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#41
Quote by Mephaphil
Because a Strat is iconic, more so than any Super Strat. As cool as they are, they don't have the Hendrix, Clapton, Gilmour, Malmsteen, Beck, Eric Johnson factor.

Plus the tone, man. The tone.


U can get the Strat tone out of a SuperStrat, but a Strat simply is not ideal for metal. Re: the iconicness, Van Halen's FrankenStrat is more iconic than any standard Strat. When you see that guitar, you think of only one player, EVH. When you see a Strat you think of lots of players.

And SuperStrats have been played by most of the major players in the last 30 years: Vai, Satriani, Campbell, Batten, Sambora, Wooten, Sambora, Hatfield, Mustain, Morello, Friedman, Petrucci, Lynch, Bettencourt, Mars, & EVH, to mention just a few.
“You’re always learning about this thing every time you pick it up.” Keith Richards
#42
Quote by LP1951
U can get the Strat tone out of a SuperStrat, but a Strat simply is not ideal for metal. Re: the iconicness, Van Halen's FrankenStrat is more iconic than any standard Strat. When you see that guitar, you think of only one player, EVH. When you see a Strat you think of lots of players.

And SuperStrats have been played by most of the major players in the last 30 years: Vai, Satriani, Campbell, Batten, Sambora, Wooten, Sambora, Hatfield, Mustain, Morello, Friedman, Petrucci, Lynch, Bettencourt, Mars, & EVH, to mention just a few.


umm... wouldn't the fact that many players come to mind make the strat more iconic. lets not make this topic into a strats vs super strats war. both are fine guitars with many uses.
#43
^Not that at all.

However, the fact that SuperStrats have been played by most of the major metal players in the last 30 years: Vai, Satriani, Campbell, Batten, Sambora, Wooten, Sambora, Hatfield, Mustain, Morello, Friedman, Petrucci, Lynch, Bettencourt, Mars, & EVH etc. must mean something. It stands to reason that SuperStrats are vastly superior to Strats for metal; and after all the topic is Strats for metal.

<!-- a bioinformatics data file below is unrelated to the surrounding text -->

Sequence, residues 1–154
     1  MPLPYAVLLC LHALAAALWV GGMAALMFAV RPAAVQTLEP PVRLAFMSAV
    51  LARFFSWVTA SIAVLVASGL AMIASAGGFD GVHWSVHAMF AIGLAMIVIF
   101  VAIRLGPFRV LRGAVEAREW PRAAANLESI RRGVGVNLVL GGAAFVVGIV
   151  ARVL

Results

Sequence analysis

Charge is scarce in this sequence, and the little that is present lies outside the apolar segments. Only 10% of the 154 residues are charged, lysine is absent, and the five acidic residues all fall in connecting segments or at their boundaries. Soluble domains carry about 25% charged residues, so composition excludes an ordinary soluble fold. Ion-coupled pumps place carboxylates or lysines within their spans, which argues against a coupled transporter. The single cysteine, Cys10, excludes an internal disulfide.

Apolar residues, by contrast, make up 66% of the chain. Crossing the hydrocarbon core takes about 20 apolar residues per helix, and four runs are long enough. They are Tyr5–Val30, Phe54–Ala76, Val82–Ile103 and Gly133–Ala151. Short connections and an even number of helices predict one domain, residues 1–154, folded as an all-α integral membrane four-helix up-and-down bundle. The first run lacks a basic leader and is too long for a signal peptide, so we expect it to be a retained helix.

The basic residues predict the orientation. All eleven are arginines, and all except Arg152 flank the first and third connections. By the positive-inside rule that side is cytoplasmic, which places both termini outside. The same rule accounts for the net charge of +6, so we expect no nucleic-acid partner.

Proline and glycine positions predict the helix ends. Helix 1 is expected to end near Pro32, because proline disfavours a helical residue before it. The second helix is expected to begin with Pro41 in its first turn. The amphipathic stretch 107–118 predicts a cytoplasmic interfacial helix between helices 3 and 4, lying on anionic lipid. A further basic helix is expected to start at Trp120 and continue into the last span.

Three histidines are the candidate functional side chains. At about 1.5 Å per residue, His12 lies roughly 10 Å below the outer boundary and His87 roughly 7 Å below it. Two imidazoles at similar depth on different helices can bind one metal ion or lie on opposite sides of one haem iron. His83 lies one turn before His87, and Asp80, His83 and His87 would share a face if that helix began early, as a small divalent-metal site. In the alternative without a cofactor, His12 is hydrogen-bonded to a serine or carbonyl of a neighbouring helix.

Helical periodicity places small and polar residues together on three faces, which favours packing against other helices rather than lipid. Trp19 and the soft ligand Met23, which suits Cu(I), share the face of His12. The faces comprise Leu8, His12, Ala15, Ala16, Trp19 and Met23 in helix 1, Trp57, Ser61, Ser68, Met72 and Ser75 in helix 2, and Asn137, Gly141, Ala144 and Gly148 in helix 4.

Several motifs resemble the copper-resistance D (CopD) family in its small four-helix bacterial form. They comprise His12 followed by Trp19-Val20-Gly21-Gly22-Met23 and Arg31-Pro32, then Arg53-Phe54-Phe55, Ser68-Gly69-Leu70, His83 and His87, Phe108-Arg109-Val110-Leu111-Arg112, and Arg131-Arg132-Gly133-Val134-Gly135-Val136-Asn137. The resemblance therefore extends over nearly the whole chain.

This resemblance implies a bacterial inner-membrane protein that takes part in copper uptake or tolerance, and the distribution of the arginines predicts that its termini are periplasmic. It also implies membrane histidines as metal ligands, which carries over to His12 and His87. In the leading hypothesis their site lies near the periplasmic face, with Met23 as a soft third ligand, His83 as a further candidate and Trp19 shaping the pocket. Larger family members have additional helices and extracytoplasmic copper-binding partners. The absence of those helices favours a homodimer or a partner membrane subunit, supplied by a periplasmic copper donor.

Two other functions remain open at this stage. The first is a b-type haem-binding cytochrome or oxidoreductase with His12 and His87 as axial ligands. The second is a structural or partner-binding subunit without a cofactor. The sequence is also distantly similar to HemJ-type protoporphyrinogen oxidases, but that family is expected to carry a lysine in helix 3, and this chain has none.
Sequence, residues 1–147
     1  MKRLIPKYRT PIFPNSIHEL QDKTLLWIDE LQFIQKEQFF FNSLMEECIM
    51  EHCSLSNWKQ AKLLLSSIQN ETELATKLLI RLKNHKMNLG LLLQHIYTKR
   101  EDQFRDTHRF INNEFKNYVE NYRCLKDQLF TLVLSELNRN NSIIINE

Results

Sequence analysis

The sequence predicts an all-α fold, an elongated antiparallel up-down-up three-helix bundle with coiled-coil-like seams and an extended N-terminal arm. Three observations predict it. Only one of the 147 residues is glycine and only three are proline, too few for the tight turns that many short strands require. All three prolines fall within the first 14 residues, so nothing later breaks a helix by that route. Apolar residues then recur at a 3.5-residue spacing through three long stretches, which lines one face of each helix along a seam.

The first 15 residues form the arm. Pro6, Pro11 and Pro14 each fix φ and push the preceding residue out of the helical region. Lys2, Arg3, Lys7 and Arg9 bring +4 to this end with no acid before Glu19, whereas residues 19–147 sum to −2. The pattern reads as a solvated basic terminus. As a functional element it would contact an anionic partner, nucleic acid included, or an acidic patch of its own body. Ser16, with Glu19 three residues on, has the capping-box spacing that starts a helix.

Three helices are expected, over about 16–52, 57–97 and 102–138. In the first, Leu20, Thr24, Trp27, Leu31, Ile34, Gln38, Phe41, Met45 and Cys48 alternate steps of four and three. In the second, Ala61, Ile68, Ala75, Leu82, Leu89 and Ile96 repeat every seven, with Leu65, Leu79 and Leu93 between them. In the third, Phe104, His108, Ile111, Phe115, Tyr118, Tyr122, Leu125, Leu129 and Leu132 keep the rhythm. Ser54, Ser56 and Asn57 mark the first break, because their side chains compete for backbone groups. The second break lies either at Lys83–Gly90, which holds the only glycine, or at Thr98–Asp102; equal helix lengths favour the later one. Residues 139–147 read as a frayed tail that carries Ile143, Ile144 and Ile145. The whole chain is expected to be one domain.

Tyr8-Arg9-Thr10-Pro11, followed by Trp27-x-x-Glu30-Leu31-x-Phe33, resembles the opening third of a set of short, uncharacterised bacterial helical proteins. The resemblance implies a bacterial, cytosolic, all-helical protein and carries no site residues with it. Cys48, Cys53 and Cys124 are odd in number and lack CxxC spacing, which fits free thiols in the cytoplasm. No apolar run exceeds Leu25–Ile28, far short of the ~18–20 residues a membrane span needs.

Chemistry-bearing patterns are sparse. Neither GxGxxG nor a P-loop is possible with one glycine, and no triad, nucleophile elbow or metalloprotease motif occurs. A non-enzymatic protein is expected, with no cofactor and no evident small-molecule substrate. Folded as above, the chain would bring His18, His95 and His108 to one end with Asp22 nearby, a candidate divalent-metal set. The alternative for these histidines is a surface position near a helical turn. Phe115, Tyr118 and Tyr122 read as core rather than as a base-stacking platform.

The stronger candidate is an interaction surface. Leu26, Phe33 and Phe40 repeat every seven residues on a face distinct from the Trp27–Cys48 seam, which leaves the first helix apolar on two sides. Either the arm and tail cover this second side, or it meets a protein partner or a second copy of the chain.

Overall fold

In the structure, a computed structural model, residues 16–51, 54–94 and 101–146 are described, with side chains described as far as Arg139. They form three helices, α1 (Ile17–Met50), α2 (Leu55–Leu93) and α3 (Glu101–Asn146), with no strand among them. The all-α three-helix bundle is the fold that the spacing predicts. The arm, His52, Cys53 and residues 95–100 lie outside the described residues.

“You’re always learning about this thing every time you pick it up.” Keith Richards
Last edited by LP1951 at Jan 15, 2013,
#44
Quote by LP1951
^Not that at all.

However, the fact that SuperStrats have been played by most of the major players in the last 30 years: Vai, Satriani, Campbell, Batten, Sambora, Wooten, Sambora, Hatfield, Mustain, Morello, Friedman, Petrucci, Lynch, Bettencourt, Mars, & EVH etc. must mean something. It stands to reason that SuperStrats are vastly superior to Strats for metal; and after all the topic is Strats for metal.


There you go, imposing your opinion on everyone, again.

Strats can be ideal for metal. Metal doesn't always entail 6505 levels of gain .

Malmsteen, Maiden, Fast Eddie, Jake E Lee, Hammett, Tipton, KK Downing, Iommi, all played strats. The list goes on.

It means that they liked the tone THEY got from THAT guitar over a normal Strat. Doesn't mean they're superior. You can't say that an icon used the guitar, that means it's better. That doesn't make sense, at all. Also, you think of Van Halen for HIS guitar, not for the SuperStrat look.

Strats are great for metal. I use my Charvette S/S/S for metal all the time, especially Maiden. But they're not the best for br00tz

Also, spell Mustaine's name right next time.
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Last edited by Charvel1995 at Jan 15, 2013,
#45
I wouldn't use a Strat for rhythm guitars, but they have excellent lead sounds. They might well be the perfect guitar to cut through the mix during a solo, and they pinch harmonic with almost no effort at all.

That said, noise gate is practically a necessity.
#46
Quote by LP1951
Vai, Satriani, Campbell, Batten, Sambora, Wooten, Sambora, Hatfield, Mustain, Morello, Friedman, Petrucci, Lynch, Bettencourt, Mars, & EVH etc.

Ask most people what guitar John Petrucci plays and you'll be met with "who the **** is 'John Patrichinnici'?"
Ask most people what guitar Eric Clapton plays and nine out of ten will be able to say, at the very least, "that black and white one".

'Hatfield' and 'Mustain' sound like a coouple of shady chancers making sound-a-like karaoke albums.


Jesus ****, this thread.
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#48
Quote by LP1951
^That really doesn't answer the question. The point is that there are SuperStrats that will do everything that a standard Strat can do and do metal much better.


Man, you're so good at derailing threads with these kinds of statements.

Quote by LP1951
^Not that at all.